Take the heritage walk
View the Alphington and Fairfield Heritage Walk Part I on a map
View the Alphington and Fairfield Heritage Walk Part II on a map
In 1837 Colonial Government surveyor Robert Hoddle divided the land surrounding Melbourne into parishes, including Keelbundoora to the east of the Darebin Creek and Jika Jika to the west.
Within these Parishes, Hoddle laid out Crown Sections and Allotments for future sale. Land sales were held in the Jika Jika parish during the Melbourne land boom of the 1840s yielding the site of the future Alphington. Long, narrow Crown Sections of between 90 and 180 acres offered frontages to the Yarra River or Darebin Creek, perfect sites for farming.
In 1840 Thomas Wills relocated from Sydney and, for a startling sum of £3784, purchased a prime 176 acres with extensive frontages to both the Yarra River and the Darebin Creek. Wills began clearing immediately and built a veritable mansion called Lucerne surrounded by English garden and fronting an artificial lake. Considered by some to be one of the most intelligent men in the colonies, Wills built up a property which was noted as being the 'grandest of its day'. Lucerne was eventually demolished in the 1960s to make way for the Latrobe Golf Club.
Heidelberg Road, one of the Colony's first toll roads, was a busy thoroughfare to the rich Heidelberg farmlands and later for teamsters, gold seekers en-route to the Diamond Creek or for day trippers from Melbourne to the sylvan surrounds of Alphington, Ivanhoe and Heidelberg. Alphington was slow to develop as an urban area and remained as farmland.
One of the most prominent of these early farms, complete with a modest farm house, orchard, vegetable plot, vineyard and an ornate bird house, was George Perry's Fulham Grange, located on the banks of the Yarra (including today's Coate Park). The renowned painter, Eugene von Guerard, painted this picturesque farm in 1855 with accuracy hitherto not seen in local artistic works. Richard Perry had established the 105 acre farm from wild bushland, to be carried on by his sons Richard, William and George. The Australasian described this part of the Yarra as 'one of the prettiest spots in the neighbourhood of Melbourne… where the fertile banks of the Yarra rise precipitously nearly 100 feet above the shaggy, little used but ever flowing river.'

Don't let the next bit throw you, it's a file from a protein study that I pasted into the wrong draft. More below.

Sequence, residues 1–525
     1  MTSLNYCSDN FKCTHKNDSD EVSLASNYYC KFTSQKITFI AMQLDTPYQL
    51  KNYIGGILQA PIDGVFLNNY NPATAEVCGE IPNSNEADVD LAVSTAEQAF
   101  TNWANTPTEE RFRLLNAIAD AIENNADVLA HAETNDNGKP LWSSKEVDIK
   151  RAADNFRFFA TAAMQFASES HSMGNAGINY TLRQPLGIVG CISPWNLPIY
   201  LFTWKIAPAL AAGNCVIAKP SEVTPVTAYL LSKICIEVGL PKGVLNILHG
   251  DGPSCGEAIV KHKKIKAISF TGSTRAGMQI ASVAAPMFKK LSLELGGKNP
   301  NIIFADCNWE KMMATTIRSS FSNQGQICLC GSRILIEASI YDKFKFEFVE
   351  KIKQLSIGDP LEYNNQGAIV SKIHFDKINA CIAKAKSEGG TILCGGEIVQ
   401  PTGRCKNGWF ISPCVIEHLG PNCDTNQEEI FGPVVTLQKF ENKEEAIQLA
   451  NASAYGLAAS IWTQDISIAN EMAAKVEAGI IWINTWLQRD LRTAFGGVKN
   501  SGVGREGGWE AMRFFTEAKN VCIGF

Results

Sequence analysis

Apart from the riverside farms, there was William (later Sir William) Manning's Alphington village, created as a stopping point en-route to Heidelberg, just west of the Darebin Creek crossing. Manning (1811-1895), land speculator, barrister and politician, was then the Solicitor General of New South Wales. He offered 130 plots for sale at the Alphington Village estate in 1854, named after Manning?s home town in Devon, England.
In 1856 John Adams opened a general store and became the first postmaster there in 1858. The Adams family remained in the district well into the 20th century developing a large quarry works located where Rockbeare Park is today (part of the Darebin Parklands), named after the previous land owners, Thomas Hutchins Bear and William Henry Rocke.
Fairfield Park and St James Park
During the land boom years of the 1880s large areas of the land east of Northcote Hill (today's Fairfield and Alphington), were subdivided for suburban allotments. Charles Henry James and his brother in law, Percy Dobson, created housing estates such as Fairfield Park and St James Park (1883), carved from the farms that lined the Yarra, like Perry's Fulham Grange.
Early subdivisions along the Yarra catered for affluent buyers with small acreages perfect for "gentlemen's residences". Fulham Grange, halfway between Fairfield and Alphington, was among the first of these estates to be sold. The predominantly flat land north of Heidelberg Rd was subdivided into smaller allotments and sold at a much lower price as working men's freeholds.
Fairfield and Alphington railway stations
The railway stations at Fairfield and Alphington opened in 1888 as part of the Heidelberg line, in the hope that the transportation would make the area more attractive to investors. However, as the railway passed through so many junctions on its way from Spencer Street to Heidelberg station, the journey took upwards of an hour and a half and was hardly an incentive to settle along its route. In contrast, the Whittlesea line (opened in 1889) offered a faster route from Melbourne to North Fitzroy and the new suburbs to the north such as Northcote and Thornbury. In 1901 the Heidelberg railway line was much improved, now running half hourly during peak times and directly to Princes Bridge, Melbourne, via Clifton Hill.
Outer Circle Railway
Another attempt at providing public transport to the area was the Outer Circle Railway from the Gippsland Railway at Oakleigh to the Heidelberg line at Fairfield, crossing the river at today's Chandler Highway bridge, en-route to Kew. The Outer Circle was so unsuccessful that passenger services were ended within two years. The population continued to grow during the early 1900s, largely due to the overcrowding of inner city suburbs, particularly Collingwood and Fitzroy.
The Yarra River was a popular drawcard for the area with Deep Rock, Fairfield and Alphington Parks popular picnic and swimming destinations from the First World War period into the 1950s.